In the R software factor analysis is implemented by the `factanal()`

function of the build-in *stats* package. The function performs maximum-likelihood factor analysis on a covariance matrix or data matrix. The number of factors to be fitted is specified by the argument `factors`

. Further, the factor scores may be calculated either by using *Thompsonâ€™s estimator* or *Bartlettâ€™s weighted least-squares scores method*. The particular method is specified by an additional argument `scores = "regression"`

or `scores = "Bartlett"`

. Moreover, by the additional argument `rotation`

the transformation of the factors may be specified by either `rotation = "varimax"`

for orthogonal rotation, `rotation = "Bartlett"`

for oblique rotation or `rotation = "none"`

.

Let us get our hands dirty and apply a factor analysis on a the *food-texture* data set. We already discussed the data set in the section on *principal component analysis*, so you are probably familiar with the data set.

This open source data set is available here and describes *texture measurements of a pastry-type food*.

```
food <- read.csv("https://userpage.fu-berlin.de/soga/300/30100_data_sets/food-texture.csv",
row.names = "X")
str(food)
```

```
## 'data.frame': 50 obs. of 5 variables:
## $ Oil : num 16.5 17.7 16.2 16.7 16.3 19.1 18.4 17.5 15.7 16.4 ...
## $ Density : int 2955 2660 2870 2920 2975 2790 2750 2770 2955 2945 ...
## $ Crispy : int 10 14 12 10 11 13 13 10 11 11 ...
## $ Fracture: int 23 9 17 31 26 16 17 26 23 24 ...
## $ Hardness: int 97 139 143 95 143 189 114 63 123 132 ...
```

The data set consists of 50 rows (observations) and 5 columns (features/variables). The features are:

- Oil: percentage oil in the pastry
- Density: the productâ€™s density (the higher the number, the more dense the product)
- Crispy: a crispiness measurement, on a scale from 7 to 15, with 15 being more crispy.
- Fracture: the angle, in degrees, through which the pasty can be slowly bent before it fractures.
- Hardness: a sharp point is used to measure the amount of force required before breakage occurs.

`factanal()`

function callIn addition to the data set the `factanal()`

function requires an estimate of the number of factors (`factanal(data, factors = n)`

). This is a tricky aspect of factor analysis. If we have a hypothesis about the latent variables we may start with an informed guess. If we do not have any clue about the number of factors and the number of variables in the data set is not too large, one may simply try out several values for initializing the model. Another, more sophisticated approach is to use principal components analysis to get a good initial estimate of the number of factors.

In this simple example we just make a guess and set the number of factor to be \(2\). Further, we keep the defaults for the scores (`score = "none"`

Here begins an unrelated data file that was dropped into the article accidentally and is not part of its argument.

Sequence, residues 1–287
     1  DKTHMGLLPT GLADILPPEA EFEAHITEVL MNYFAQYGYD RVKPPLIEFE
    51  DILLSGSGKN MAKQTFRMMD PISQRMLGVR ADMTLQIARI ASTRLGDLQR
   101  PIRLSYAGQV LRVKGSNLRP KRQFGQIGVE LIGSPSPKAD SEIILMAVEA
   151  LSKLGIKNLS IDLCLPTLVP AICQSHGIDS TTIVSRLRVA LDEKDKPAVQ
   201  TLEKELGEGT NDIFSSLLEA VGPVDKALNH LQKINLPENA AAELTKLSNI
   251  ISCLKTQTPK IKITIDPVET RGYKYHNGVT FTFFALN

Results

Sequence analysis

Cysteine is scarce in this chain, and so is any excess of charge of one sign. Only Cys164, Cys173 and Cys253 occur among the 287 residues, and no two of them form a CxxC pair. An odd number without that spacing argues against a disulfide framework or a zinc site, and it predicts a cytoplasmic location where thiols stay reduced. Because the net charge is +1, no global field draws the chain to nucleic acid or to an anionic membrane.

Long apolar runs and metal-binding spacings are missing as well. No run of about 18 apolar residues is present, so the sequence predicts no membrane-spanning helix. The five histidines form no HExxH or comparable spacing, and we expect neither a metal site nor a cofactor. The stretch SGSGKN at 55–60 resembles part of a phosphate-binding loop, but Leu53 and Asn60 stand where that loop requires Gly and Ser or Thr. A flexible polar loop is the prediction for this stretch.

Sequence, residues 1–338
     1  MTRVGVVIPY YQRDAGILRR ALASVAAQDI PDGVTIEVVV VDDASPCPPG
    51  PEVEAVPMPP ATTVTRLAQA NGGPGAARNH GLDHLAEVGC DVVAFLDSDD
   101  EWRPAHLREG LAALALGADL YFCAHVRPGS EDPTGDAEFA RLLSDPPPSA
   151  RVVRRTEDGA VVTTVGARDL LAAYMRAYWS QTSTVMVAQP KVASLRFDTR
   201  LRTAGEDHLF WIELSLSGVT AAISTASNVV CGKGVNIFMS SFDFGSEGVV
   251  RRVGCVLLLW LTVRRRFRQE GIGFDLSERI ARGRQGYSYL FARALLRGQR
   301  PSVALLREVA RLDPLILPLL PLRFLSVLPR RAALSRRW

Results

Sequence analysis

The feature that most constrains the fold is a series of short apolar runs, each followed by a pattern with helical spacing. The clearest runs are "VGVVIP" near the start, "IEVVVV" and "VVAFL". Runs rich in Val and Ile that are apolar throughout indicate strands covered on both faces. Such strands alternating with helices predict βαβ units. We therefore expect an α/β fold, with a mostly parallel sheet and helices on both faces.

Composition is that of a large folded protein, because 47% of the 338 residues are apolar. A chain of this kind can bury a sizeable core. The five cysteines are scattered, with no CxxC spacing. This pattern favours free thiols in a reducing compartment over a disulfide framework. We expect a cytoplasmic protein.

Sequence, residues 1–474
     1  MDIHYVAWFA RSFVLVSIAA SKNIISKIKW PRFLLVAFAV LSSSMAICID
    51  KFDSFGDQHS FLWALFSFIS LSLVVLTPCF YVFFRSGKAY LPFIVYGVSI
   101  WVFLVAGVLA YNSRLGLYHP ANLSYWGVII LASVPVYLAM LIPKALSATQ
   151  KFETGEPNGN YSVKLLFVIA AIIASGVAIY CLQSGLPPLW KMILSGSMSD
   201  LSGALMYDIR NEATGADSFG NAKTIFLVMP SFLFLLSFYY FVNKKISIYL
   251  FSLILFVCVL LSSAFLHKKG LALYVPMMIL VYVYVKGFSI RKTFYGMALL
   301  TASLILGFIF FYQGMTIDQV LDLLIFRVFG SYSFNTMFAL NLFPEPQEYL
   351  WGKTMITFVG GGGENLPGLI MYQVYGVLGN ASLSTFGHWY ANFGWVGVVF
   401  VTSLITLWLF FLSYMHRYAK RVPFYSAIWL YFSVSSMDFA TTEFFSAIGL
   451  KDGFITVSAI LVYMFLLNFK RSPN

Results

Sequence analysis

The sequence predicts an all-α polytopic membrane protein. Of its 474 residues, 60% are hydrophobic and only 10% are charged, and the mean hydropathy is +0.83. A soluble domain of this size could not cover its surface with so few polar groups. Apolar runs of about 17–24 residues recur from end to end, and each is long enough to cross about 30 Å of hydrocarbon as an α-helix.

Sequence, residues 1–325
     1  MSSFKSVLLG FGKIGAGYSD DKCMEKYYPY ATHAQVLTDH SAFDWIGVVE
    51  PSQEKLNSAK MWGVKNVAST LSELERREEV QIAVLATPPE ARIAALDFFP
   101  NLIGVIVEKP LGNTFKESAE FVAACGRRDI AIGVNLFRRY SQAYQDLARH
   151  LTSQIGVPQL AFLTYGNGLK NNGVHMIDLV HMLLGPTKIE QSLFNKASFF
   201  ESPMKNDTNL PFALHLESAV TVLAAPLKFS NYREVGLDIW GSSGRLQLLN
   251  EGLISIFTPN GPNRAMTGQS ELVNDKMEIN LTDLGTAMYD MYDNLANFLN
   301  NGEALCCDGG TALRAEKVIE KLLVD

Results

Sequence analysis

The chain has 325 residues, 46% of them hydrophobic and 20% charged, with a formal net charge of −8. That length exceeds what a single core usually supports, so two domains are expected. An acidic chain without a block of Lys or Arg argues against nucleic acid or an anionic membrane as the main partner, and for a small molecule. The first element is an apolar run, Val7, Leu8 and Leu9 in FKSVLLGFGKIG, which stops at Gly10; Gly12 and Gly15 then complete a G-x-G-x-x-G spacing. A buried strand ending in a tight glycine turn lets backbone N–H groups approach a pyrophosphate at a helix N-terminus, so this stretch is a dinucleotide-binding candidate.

) and the rotation (`rotation = "varimax"`

).

`food.fa <- factanal(food, factors = 2)`

Before we interpret the results of the factor analysis recall the basic idea behind it. Factor analysis creates linear combinations of factors to abstract the variableâ€™s underlying communality. To the extent that the variables have an underlying communality, fewer factors capture most of the variance in the data set. This allows us to aggregate a large number of observable variables in a model to represent an underlying concept, making it easier to understand the data. The variability in our data, \(\mathbf X\), is given by \(\Sigma\), and its estimate \(\hat \Sigma\) is composed of the variability explained by the factors explained be a linear combination of the factors (**communality**) and of the variability, which can not be explained by a linear combination of the factors (**uniqueness**).

\[\hat \Sigma = \underbrace{\hat\Lambda\hat\Lambda^T}_{\text{communality}} + \underbrace{\hat\Psi}_{\text{uniqueness}}\]

`food.fa`

```
##
## Call:
## factanal(x = food, factors = 2)
##
## Uniquenesses:
## Oil Density Crispy Fracture Hardness
## 0.334 0.156 0.042 0.256 0.407
##
## Loadings:
## Factor1 Factor2
## Oil -0.816
## Density 0.919
## Crispy -0.745 0.635
## Fracture 0.645 -0.573
## Hardness 0.764
##
## Factor1 Factor2
## SS loadings 2.490 1.316
## Proportion Var 0.498 0.263
## Cumulative Var 0.498 0.761
##
## Test of the hypothesis that 2 factors are sufficient.
## The chi square statistic is 0.27 on 1 degree of freedom.
## The p-value is 0.603
```

The model output starts with the function call to remind us on the specifications of our function call.

The first chunk provides the

*uniquenesses*, which range from \(0\) to \(1\). The uniqueness, sometimes referred to as*noise*, corresponds to the proportion of variability, which can not be explained by a linear combination of the factors. This is the \(\hat \Psi\) in the equation above. A high uniqueness for a variable indicates that the factors do not account well for its variance.

`food.fa$uniquenesses`

```
## Oil Density Crispy Fracture Hardness
## 0.3338599 0.1555255 0.0422238 0.2560235 0.4069459
```

The next section is the

*loadings*, which range from \(-1\) to \(1\). This is the \(\hat \Lambda\) in the equation above. The loadings are the contribution of each original variable to the factor. Variables with a high loading are well explained by the factor. Notice there is no entry for certain variables. That is because R does not print loadings less than \(0.1\). This is meant to help us spot groups of variables. Type`help(loadings)`